As to whether there was any considerable number of his associates who lost respect for Russell at the close of his life, this appears to be pure conjecture. Indeed, at the close of his life, reports of attendance at the meetings showed large increases, not a decrease.

    Russell lost two cases which have been given a lot of notorious publicity, not pertaining to slander, but which Russell filed for libel. Due to the distortion of facts as presented by J. J. Ross and The Brooklyn Daily Eagle, and the wide-spread distribution of those distortions, most of the public know very little about the actual facts.

    I could not find any record, however, of any considerable number of the Bible Students having lost respect for Russell over those court losses. I could find where some withdrew association from Russell over many other matters, such as teaching on the new covenant, universalism, etc.

    Nevertheless, as I stated, the vast majority of the Bible Students rejected Rutherford’s “Jehovah’s visible organization” dogma, and the Bible Students movement continues to exist today. They did not become “Jehovah’s Witnesses” and do not teach the dogma of join us or be eternally destroyed in Armageddon that Rutherford taught.

    See my website — “Focus on Charles Taze Russell” — for the documentation regarding the above.

    • ResLight,

      Thank you for your further historical information on Charles Taze Russell.

      Regarding Russell and his teachings you write that he “did not attempt [to] establish any new religion, believing that the true religion was Christianity as it had been established by Jesus and the apostles.” Let us compare his attempt to other attempts in the past.

      Sabellius was a third century teacher who “did not attempt to establish any new religion.” However, like Russell, he came up with a new teaching which was foreign to the text of scripture. Like Russell, Sabellius let his own mind change the text rather that let the text change his mind. Sabellius like Russell taught that God was one person according to Matthew 28. Jesus said, “Go therefore and make disciples of all nations, baptizing them in the name of the Father and of the Son and of the Holy Spirit,” (Matthew 28:19, ESV) Sabellius said that God was one person with three names. It is clear from the text of scripture, the there is only one name, yet there are three that are named. The Greek word for name is in the singular. At this point in time, the church began using the term “person” to counter act Sabellius new teaching that God was one person with three names. Instead, to remain faithful to the text, the church countered by saying that there is One name and three distinct persons that are named: the person of the Father, the person of the Son, and the person of the Holy Spirit. All three are given the same equal honor, praise, and glory. All are given the Divine Name: YHWH. This is the Name that belongs to the Father, and to the Son, and to the Holy Spirit.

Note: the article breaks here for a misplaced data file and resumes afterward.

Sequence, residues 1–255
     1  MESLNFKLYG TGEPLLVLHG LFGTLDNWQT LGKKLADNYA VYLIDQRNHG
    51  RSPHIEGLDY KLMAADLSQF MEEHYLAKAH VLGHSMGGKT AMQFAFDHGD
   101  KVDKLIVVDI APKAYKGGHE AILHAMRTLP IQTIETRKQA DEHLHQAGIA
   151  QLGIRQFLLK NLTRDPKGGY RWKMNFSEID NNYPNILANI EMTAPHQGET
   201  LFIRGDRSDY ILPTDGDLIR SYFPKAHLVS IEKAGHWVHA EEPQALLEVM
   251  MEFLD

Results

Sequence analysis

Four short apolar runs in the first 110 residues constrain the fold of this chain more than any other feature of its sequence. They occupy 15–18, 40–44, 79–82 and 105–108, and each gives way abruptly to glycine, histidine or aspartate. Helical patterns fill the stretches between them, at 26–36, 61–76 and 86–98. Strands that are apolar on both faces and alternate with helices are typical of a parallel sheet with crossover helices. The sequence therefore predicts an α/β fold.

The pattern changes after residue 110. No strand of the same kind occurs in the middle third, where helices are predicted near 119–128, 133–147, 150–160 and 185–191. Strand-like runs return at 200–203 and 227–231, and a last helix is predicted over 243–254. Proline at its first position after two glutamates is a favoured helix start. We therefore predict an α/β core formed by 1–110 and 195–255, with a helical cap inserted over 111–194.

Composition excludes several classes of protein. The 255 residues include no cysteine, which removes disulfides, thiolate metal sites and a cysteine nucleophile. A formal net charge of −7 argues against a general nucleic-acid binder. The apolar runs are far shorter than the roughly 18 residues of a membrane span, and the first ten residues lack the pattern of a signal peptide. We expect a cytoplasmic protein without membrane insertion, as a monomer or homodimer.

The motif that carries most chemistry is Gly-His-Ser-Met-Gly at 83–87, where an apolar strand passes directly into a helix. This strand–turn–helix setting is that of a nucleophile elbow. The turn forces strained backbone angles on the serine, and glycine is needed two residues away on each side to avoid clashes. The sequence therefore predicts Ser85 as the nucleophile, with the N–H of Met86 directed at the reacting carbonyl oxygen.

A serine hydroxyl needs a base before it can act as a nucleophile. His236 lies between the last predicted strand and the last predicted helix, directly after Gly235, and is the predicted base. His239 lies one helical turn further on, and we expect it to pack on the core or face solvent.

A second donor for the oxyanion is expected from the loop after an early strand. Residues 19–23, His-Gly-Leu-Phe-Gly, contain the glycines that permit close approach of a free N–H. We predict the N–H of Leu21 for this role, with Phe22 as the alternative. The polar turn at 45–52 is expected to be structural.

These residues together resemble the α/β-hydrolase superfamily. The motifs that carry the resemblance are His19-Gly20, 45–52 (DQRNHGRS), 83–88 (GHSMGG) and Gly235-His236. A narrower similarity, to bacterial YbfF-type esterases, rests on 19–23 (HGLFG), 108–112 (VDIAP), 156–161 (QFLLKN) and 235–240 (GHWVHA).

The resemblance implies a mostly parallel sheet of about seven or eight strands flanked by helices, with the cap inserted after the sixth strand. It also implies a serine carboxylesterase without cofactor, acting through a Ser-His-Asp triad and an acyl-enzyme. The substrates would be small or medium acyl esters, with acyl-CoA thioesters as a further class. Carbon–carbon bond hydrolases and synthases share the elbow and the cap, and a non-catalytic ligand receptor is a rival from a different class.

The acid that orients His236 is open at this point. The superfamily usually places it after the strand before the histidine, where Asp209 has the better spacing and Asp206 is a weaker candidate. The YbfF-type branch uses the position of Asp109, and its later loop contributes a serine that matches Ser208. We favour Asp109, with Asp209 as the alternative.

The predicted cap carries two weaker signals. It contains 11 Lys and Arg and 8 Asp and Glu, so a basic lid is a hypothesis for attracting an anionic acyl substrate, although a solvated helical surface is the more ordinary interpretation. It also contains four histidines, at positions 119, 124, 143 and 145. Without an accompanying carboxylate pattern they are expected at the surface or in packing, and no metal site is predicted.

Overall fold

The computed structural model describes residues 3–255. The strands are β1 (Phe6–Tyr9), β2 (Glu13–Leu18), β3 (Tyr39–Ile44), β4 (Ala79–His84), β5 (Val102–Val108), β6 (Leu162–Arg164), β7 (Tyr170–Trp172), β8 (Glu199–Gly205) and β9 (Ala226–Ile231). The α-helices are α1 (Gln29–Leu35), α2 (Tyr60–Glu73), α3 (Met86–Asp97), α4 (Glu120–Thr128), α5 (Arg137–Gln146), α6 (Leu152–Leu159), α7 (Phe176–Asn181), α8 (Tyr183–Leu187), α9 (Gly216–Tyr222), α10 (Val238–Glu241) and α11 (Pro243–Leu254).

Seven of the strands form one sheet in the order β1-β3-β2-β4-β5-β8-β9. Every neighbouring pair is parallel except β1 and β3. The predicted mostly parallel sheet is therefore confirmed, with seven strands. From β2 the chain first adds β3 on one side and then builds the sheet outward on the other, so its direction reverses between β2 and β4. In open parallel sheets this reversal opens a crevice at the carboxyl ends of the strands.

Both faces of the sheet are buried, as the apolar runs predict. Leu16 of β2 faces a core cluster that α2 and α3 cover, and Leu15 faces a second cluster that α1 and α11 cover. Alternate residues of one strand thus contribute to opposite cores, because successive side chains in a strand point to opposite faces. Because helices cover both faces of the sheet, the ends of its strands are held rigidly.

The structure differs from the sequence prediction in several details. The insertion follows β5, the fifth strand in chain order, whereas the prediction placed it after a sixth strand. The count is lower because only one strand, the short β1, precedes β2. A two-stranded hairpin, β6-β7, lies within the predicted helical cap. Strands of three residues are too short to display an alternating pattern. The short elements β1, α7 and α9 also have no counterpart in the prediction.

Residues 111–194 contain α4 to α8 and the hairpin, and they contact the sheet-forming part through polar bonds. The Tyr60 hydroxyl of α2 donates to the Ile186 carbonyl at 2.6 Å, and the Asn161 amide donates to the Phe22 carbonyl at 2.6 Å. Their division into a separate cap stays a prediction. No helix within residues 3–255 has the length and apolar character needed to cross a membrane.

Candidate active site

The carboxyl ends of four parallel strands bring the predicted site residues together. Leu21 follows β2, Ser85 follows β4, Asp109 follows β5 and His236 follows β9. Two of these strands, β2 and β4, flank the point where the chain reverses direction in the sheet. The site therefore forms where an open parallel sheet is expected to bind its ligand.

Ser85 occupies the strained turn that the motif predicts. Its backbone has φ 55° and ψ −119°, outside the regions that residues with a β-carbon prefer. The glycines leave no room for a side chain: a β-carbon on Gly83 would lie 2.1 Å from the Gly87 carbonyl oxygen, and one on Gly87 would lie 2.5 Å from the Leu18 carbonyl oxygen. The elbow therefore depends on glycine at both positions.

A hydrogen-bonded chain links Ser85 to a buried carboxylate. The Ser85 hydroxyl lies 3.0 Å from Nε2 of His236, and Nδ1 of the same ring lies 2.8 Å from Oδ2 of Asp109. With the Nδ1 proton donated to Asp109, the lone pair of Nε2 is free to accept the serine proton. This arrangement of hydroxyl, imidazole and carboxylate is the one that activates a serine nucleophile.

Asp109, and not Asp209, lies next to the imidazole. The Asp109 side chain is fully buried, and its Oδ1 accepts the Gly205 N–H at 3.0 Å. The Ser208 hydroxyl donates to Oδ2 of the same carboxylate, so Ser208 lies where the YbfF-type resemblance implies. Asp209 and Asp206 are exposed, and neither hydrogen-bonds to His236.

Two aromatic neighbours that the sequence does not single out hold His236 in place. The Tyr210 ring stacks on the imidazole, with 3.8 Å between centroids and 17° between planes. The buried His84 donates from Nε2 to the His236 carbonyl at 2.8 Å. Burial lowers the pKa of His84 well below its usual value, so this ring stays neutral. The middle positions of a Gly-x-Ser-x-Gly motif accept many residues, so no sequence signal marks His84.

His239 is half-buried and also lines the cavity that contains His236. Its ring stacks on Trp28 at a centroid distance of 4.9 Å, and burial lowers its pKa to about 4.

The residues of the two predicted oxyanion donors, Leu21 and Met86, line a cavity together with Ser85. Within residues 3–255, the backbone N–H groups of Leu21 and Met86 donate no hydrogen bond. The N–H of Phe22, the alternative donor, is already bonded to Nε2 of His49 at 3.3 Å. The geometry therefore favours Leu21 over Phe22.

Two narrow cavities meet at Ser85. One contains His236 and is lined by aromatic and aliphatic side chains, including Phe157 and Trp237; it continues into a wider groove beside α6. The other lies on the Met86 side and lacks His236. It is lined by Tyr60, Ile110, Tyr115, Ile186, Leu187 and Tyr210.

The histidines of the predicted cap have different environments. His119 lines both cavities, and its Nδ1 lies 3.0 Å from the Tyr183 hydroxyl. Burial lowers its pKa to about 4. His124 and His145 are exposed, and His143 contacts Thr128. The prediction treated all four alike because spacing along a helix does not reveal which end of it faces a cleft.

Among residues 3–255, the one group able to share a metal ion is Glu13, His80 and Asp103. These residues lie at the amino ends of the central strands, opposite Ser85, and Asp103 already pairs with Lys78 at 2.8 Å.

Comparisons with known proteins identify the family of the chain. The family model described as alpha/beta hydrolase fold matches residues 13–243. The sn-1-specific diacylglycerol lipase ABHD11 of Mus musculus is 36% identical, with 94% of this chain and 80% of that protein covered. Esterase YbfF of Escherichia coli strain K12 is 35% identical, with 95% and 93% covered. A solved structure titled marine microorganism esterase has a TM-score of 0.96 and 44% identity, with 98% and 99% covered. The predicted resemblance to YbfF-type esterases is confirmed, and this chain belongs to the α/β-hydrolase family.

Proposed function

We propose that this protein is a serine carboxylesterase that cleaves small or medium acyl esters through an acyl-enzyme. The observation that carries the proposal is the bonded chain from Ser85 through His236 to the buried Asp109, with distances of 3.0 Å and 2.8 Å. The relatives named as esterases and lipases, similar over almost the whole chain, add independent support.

Like Sabellius, Russell taught that God was one person, therefore, he rejected the Biblical doctrine that there is One Divine Essence and Three Distinct Persons of the Holy Blessed Trinity. Throughout the Bible we are taught to confess that there is One God and to believe the distinction between the plurality of persons. When Yahweh talks about Yahweh as one person would talk to another person, we are taught to make a distinction in the plurality of persons of the Godhead. For example: